“At the age of 18, Thomas Moore conducted and performed with a regional 125 voice multi-racial patriotic youth group, The Sounds of America (’66-’73). He founded and directed the Bethlehem Center Youth Choir (’75-’85), performed the roles of Papageno in “The Magic Flute” and Escamillio in “Carmen” (CPCC Opera Theatre- the inaugural season ’98 – ’99). Dr. Moore was a volunteer for Presbyterian Hospital’s Children’s Christmas Program and Chaplain’s Office in the 1980’s. He created, personally funded and volunteered for the Charlotte’s only New Year’s Eve show for children and families from 1979 – 2009. He was the volunteer music director for Siegle Avenue Presbyterian Church for many years and for twelve years shared his musical talents on the piano at all of the Charlotte Rotary meetings, also chairing the music committee and serving on the Board of Directors.
“Dr. Moore created the first City-wide, Interfaith Thanksgiving choir and helped found Charlotte’s International Peace Day celebration. He volunteered for over 20 years as mentor for students at the Clara Jones Piano Studio. On September 9, 2011, Dr. Moore was asked to sing the baritone solo for Rene Clausen’s “Memorial”, a choral piece written to commemorate the attack on September 11, 2001. This piece was performed with 150 singers and 40 piece orchestra during our community-wide service at Friendship Missionary Baptist Church.
“Charlotte continues to place a high priority on building trust among races and on bridging differences among its citizens. Dr. Moore has dedicated his time, his talents, his resources, and his gentle spirit to bringing people together, encouraging conversation, and building a community where all are important, honored and welcome. He has been and continues to be a staunch advocate for children, encouraging the community to show its support of children in tangible ways that positively affect their lives and their safety. He has helped people find their voice by encouraging them to participate in a community building choir where “all voices are welcome”. He continues to place a high priority on arts and music participation rather than music performance for a select few.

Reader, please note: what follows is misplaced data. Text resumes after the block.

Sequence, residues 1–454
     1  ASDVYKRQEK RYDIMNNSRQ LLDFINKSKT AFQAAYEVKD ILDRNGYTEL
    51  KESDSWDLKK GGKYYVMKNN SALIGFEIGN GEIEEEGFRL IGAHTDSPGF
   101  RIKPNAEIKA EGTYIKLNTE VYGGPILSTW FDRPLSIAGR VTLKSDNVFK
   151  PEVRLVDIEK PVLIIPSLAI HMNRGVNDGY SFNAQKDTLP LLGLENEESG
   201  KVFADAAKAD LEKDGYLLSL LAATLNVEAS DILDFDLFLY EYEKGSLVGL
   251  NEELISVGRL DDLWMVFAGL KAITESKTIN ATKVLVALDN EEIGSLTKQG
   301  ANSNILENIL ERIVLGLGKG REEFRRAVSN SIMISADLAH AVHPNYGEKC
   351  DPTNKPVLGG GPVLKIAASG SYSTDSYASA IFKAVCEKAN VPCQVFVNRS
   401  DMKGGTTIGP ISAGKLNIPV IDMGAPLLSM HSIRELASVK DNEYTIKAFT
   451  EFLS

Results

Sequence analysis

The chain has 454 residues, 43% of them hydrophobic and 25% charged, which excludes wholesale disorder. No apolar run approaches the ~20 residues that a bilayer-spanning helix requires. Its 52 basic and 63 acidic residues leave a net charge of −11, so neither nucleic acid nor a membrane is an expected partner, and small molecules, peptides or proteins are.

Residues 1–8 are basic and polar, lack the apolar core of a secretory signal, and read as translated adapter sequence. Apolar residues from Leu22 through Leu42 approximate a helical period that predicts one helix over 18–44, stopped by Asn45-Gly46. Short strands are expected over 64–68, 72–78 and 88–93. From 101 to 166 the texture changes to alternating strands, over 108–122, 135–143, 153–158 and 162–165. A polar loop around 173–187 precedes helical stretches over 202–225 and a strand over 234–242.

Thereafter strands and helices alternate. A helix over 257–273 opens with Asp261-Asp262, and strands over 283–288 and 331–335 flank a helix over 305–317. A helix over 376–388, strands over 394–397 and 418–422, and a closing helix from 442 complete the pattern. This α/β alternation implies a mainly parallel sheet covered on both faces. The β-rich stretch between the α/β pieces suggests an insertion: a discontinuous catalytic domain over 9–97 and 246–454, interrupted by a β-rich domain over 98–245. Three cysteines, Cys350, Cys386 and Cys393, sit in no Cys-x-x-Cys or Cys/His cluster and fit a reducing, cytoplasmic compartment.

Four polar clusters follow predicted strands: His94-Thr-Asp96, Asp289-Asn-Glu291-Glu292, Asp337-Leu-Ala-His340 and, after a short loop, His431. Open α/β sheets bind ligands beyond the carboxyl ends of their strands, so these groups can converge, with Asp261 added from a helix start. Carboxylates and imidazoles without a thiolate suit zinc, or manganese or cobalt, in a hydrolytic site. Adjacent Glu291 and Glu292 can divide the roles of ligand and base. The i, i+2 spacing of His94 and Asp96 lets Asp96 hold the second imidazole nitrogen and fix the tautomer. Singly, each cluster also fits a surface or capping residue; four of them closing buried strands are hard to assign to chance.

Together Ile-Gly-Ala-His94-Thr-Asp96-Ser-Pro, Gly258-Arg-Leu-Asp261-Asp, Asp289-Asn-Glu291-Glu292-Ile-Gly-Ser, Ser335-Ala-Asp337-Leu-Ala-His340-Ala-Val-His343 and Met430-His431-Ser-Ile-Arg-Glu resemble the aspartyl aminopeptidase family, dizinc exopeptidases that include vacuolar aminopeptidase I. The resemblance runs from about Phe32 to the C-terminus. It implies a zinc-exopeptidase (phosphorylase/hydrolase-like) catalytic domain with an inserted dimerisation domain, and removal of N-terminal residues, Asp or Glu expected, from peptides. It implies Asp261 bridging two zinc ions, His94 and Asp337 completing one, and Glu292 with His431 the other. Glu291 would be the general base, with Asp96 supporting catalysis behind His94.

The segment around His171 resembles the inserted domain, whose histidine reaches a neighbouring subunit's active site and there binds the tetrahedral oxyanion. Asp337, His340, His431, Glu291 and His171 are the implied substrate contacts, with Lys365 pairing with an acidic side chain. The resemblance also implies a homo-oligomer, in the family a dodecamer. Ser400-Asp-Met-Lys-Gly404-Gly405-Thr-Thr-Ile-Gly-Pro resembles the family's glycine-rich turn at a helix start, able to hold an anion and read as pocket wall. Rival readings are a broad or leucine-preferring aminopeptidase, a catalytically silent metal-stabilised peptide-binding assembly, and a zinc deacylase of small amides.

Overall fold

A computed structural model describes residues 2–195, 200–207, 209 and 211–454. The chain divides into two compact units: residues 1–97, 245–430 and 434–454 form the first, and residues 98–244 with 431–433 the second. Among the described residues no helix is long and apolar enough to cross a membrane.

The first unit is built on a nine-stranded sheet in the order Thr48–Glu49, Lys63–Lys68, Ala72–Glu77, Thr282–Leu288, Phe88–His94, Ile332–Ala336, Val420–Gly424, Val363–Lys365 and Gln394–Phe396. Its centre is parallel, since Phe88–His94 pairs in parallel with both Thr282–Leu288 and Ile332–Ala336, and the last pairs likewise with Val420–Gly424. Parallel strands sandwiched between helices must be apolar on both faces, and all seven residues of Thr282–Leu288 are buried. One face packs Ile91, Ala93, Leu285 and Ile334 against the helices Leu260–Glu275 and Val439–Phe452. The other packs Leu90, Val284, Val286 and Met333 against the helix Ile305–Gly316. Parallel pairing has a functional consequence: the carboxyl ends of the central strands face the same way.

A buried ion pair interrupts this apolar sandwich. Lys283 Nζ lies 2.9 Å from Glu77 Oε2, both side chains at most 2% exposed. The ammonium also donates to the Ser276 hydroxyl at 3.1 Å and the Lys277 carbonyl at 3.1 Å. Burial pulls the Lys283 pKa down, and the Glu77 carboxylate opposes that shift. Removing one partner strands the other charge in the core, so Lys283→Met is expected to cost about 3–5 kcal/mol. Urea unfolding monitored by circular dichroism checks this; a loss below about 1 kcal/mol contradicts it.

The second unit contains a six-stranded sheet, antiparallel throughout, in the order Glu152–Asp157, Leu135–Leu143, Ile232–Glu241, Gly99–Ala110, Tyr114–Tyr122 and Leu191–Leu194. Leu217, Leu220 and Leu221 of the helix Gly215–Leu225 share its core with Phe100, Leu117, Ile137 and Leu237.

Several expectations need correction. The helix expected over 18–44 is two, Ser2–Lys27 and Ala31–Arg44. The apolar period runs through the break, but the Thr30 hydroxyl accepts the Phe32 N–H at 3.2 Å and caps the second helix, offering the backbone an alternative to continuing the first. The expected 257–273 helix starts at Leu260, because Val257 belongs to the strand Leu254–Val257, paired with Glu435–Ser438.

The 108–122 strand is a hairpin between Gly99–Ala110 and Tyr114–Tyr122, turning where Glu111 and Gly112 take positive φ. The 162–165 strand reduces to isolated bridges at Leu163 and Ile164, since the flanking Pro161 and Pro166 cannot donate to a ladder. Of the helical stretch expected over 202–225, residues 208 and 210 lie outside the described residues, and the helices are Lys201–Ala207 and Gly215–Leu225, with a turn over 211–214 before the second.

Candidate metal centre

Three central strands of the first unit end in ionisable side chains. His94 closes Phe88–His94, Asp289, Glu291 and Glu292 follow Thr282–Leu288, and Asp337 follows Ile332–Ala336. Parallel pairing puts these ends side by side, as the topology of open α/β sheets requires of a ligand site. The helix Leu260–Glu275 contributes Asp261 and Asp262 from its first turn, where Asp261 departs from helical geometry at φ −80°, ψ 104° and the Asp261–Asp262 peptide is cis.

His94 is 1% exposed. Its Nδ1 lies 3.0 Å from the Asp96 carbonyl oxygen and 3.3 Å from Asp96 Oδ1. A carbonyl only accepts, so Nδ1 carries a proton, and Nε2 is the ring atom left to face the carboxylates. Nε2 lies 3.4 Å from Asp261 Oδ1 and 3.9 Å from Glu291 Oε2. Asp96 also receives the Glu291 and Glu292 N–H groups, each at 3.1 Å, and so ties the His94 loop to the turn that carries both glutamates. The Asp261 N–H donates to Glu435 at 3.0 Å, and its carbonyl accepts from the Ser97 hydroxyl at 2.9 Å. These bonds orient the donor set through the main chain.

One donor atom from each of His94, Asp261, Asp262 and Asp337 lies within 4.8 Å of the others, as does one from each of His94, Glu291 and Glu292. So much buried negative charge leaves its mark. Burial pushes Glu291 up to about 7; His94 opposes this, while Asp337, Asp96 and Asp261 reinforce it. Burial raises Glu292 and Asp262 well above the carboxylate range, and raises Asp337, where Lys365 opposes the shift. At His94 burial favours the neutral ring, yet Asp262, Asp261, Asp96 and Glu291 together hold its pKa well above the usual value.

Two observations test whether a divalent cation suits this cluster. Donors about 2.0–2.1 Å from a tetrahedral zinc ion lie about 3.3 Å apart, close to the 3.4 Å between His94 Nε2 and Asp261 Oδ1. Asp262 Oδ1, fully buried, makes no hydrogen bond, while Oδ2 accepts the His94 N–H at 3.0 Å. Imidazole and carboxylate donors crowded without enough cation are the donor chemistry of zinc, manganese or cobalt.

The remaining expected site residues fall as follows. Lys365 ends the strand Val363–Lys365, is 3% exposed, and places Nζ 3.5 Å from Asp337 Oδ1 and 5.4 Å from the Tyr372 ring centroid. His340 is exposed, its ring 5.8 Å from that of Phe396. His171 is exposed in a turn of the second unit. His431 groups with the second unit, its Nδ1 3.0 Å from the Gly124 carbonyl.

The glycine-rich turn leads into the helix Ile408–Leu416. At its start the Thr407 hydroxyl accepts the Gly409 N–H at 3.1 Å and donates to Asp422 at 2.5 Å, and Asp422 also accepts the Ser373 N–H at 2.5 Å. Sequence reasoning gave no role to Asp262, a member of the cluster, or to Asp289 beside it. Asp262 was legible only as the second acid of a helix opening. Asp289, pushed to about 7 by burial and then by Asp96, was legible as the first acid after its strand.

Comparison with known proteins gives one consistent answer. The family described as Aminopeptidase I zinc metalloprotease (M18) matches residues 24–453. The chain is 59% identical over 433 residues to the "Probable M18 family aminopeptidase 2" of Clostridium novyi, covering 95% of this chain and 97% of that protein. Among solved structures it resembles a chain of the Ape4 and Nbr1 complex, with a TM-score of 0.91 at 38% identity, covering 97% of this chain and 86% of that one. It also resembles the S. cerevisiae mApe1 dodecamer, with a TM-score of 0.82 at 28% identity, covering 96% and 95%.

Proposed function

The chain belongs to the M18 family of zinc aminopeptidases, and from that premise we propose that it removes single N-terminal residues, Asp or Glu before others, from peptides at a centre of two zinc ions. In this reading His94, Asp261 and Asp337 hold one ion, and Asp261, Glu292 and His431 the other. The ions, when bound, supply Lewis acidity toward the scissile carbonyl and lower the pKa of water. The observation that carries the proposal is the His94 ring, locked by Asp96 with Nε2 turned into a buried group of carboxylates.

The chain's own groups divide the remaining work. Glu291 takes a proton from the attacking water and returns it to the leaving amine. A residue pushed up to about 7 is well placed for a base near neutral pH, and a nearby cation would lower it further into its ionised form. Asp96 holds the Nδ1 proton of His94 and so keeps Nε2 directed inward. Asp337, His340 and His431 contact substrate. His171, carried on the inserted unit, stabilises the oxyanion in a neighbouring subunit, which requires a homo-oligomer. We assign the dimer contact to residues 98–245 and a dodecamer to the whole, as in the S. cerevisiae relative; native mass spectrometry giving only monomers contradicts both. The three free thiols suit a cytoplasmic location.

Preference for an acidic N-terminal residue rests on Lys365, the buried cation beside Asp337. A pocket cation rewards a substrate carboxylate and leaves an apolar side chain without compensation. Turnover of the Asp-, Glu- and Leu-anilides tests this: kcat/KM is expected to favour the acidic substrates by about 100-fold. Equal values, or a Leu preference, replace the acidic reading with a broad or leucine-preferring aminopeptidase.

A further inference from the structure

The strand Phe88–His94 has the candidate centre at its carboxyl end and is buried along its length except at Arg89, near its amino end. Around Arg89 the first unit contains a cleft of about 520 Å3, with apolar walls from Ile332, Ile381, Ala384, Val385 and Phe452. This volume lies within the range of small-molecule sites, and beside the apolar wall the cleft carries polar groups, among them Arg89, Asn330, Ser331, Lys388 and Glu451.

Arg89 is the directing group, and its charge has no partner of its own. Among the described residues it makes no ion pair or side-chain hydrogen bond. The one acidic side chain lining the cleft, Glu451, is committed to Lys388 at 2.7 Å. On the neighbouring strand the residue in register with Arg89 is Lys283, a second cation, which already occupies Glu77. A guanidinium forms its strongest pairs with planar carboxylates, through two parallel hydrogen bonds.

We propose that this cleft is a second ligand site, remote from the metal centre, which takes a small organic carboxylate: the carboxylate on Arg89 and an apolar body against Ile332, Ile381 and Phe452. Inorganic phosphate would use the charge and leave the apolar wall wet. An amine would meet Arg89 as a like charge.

“Dr. Moore’s honors and awards include Charlotte JC’s Young Man of the Year, WBTV’s Jefferson Award, The Rotary International Four Avenues of Service citation, Charlotte NAACP Humanitarian Award, Indiana State University Distinguished Alumni Award and North Carolina Governor’s Award for Volunteer Service in the Lifetime Achievement category. In 1985, Governor Jim Martin honored him with the Order of the Long Leaf Pine Award. However, his most prized honor is the “Angel Among Us” award, presented by a kindergarten through 2nd grade class in Laurinburg, North Carolina.
“For 45 years, Dr. Moore has volunteered his serves in at least 100 houses of worship, nursing homes, civic groups and nonprofits throughout this region. He has a special way of bridging differences and encouraging trust through music. There is new research on the benefits of singing and showing that singing together builds health, trust, and cooperative relationships between people. Dr. Moore has brought hundreds of people together in the Greater Charlotte community, giving people with differences – young and old, black and white, differing faiths, homeless individuals and community leaders, men and women – an opportunity to share experiences and gain understanding. He leads collaboratively, sharing power, honoring all people, giving all a seat at the table. He is indeed a community hero!”